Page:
Midst Toil And Tribulation – Snippet 39
Merlin’s expression was admirably grave. He, too, was sure they’d be able to make it work, especially since Howsmyn had access to detailed plans of de Bange’s original design, including the “mushroom,” the rounded “nose cone” at the head of the breech block. It was actually the most ingenious part of the entire concept in many ways, because when the gun fired, the mushroom was driven to the rear, compressing the asbestos “washer,” squeezing it so that it expanded outward to seal the breech completely. And because the mushroom was driven by the firing chamber pressure, the tightness of the seal automatically adjusted to different weights of charge. Merlin had no doubt that when Howsmyn sat down with Saigyl to look at his drawings, the industrialist would experience another of those intuitive inspirations for which he had become known and start enthusiastically sketching in ideas of his own.
“All right, now that that’s out of the way, what about this other problem you wanted to discuss?” the high admiral continued. “Something about bore pressures and combustion rates?”
“Yes, Sir,” Seamount replied in a distinctly less cheerful tone. “I’m afraid we won’t be able to get as much benefit out of some of the new advances as I’d hoped.”
“Well, Ahldahs and Commander Malkaihy and I have been going back over the results of Urvyn’s artillery tests. We’ve repeated several of his firings using the new crush gauges to measure bore pressures and the pendulum to measure velocities, and they’ve confirmed something we already suspected. We’d hoped we could increase shot velocities by increasing barrel length, but it turns out we can’t.”
“Why not?” Rock Point repeated.
“Essentially, My Lord, the powder burns too quickly,” Rahzwail said. “It gives all its propulsive power in a single, sharp kick the instant that the charge fires; with a longer barrel, we actually start losing some of that initial velocity due to friction between the projectile and the inside of the gun tube. Looking at the pressure gauges, we’ve concluded that a great deal of the powder is transformed into smoke — solid particles and soot — rather than the combustion gases that actually drive the projectile. Corning the powder clearly helps in that regard, given how the particulate mass is reduced and how much more of the powder is actually burned before it’s ejected from the muzzle, but there are still limits, and we seem to’ve reached them . . . for the moment, at least.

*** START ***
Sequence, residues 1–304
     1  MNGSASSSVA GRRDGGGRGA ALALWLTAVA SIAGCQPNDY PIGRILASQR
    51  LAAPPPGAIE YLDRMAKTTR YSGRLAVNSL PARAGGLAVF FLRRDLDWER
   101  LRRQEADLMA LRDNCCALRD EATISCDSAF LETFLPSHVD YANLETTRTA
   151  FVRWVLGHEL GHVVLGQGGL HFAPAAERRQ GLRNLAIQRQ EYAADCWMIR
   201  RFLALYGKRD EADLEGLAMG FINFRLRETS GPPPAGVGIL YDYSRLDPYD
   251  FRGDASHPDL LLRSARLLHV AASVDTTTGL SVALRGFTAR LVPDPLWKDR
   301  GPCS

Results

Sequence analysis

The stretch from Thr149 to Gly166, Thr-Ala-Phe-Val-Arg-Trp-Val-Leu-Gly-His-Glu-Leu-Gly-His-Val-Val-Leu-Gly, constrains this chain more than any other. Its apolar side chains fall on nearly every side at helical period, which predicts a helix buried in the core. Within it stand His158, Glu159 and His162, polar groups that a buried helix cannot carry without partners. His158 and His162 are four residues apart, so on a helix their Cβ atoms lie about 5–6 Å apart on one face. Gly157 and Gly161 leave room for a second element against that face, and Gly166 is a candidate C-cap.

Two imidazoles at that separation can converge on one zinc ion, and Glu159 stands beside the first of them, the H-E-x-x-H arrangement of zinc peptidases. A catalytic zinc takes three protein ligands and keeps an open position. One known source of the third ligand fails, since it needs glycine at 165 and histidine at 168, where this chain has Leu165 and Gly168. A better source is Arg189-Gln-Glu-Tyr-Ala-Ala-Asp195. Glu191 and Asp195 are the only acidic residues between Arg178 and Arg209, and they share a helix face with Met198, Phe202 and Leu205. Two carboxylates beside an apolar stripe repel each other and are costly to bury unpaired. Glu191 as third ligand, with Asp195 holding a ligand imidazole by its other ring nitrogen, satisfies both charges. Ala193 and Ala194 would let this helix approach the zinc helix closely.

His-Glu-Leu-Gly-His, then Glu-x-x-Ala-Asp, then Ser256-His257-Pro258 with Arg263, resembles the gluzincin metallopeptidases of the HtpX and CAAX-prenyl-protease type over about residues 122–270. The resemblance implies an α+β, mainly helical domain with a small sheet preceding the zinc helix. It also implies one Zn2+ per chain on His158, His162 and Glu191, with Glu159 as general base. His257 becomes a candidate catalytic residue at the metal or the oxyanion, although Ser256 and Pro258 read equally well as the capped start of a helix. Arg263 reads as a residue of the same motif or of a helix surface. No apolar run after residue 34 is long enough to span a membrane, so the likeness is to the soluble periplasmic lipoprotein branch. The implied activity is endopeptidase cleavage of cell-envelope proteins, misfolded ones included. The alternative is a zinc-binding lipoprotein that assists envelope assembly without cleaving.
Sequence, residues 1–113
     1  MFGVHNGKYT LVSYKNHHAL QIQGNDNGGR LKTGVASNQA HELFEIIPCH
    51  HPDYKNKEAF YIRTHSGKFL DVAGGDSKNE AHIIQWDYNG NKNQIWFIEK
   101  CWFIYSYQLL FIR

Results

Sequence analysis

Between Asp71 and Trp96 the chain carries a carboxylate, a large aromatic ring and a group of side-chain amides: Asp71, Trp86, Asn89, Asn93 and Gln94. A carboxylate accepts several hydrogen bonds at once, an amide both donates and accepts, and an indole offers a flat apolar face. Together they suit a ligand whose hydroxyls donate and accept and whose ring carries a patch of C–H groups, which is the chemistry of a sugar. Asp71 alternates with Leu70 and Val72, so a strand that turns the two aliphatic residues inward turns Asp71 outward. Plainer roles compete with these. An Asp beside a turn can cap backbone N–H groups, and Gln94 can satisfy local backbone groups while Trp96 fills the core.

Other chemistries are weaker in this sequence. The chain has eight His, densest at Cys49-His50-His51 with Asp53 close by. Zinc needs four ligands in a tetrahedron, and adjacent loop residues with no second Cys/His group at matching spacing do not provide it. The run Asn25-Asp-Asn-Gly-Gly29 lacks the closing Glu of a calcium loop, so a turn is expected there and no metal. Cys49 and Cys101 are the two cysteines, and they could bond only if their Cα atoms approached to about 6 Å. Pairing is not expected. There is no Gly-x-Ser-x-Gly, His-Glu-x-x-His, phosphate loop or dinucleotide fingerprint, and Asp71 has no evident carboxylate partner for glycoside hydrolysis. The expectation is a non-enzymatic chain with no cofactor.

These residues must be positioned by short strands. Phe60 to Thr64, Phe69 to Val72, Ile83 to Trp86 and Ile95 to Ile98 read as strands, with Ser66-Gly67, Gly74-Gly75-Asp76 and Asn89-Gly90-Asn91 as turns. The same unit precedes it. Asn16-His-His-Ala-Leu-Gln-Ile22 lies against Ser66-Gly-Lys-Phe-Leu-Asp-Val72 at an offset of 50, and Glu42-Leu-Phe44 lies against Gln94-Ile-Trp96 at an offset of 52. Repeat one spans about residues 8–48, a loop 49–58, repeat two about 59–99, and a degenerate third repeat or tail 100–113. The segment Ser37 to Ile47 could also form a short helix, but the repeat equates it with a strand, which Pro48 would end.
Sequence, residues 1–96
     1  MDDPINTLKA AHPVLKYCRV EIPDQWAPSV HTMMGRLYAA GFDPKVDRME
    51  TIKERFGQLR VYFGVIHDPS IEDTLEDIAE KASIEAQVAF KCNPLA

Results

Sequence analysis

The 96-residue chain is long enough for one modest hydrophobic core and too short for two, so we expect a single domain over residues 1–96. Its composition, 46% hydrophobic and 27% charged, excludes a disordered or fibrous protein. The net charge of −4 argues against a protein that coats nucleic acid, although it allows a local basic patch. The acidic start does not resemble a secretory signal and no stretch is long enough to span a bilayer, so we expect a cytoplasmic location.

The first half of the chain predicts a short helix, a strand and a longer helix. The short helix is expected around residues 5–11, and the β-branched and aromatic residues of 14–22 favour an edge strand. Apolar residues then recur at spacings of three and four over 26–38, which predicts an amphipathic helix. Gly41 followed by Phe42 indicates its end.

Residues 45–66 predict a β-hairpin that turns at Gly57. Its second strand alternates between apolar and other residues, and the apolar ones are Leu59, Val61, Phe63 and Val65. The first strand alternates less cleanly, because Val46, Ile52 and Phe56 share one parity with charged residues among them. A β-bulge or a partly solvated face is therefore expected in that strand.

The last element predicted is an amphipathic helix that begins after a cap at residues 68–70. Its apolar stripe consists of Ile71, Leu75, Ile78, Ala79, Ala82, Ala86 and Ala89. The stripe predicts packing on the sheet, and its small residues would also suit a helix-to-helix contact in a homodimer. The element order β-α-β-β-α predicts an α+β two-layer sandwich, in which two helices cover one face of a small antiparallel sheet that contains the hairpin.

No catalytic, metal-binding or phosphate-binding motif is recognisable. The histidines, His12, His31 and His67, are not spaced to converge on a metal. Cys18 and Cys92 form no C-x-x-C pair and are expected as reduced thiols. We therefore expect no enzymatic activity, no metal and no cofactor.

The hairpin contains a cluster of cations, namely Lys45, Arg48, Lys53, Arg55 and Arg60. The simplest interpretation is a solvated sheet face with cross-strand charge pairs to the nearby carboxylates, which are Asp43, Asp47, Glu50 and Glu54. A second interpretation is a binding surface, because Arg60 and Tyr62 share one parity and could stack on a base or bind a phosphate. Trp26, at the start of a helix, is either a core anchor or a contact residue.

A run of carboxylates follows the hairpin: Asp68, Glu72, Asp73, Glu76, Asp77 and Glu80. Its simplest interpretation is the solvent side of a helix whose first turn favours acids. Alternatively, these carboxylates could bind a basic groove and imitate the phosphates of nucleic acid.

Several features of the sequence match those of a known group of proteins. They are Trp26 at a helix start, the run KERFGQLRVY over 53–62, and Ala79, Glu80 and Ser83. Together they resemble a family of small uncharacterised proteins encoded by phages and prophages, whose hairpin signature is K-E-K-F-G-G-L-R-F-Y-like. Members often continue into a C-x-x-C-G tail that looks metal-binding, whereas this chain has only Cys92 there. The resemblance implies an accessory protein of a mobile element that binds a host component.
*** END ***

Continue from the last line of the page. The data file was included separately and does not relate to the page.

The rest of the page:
“Of course, that’s only part of the problem. The rifled pieces’ shells are much tighter fitting, which means they rub against the walls of the bore more than roundshot do. That increases friction still further, which costs us even more velocity, and the rifling studs only make it worse. Frankly, I suspect the new ‘driving bands’ Master Howsmyn’s experimenting with will be even worse than the studded shells in that respect. I still think the advantages outweigh the problems, mind you, but there’s no denying there’ll be more than enough problems to keep us busy.”
“And that’s not the only difficulty we’re experiencing,” Seamount put in. “Among other things, Master Howsmyn’s new steels, especially now that he’s tried adding nickel to them, are even tougher and stronger than we expected. That’s wonderful news in most ways, but, unfortunately, it also means we can’t produce satisfactory armor and stone-piercing shells out of them, after all. The shell walls will be too strong for gunpowder bursting charges to shatter properly if we make them out his new steels. At the moment, it looks like it’ll be wiser to restrict ourselves to cast iron shells for the smoothbores and the wrought iron shells he’s already developed for the rifled pieces.”
“They seem to’ve worked quite well in the Gulf of Tarot and at Iythria,” Rock Point said dryly.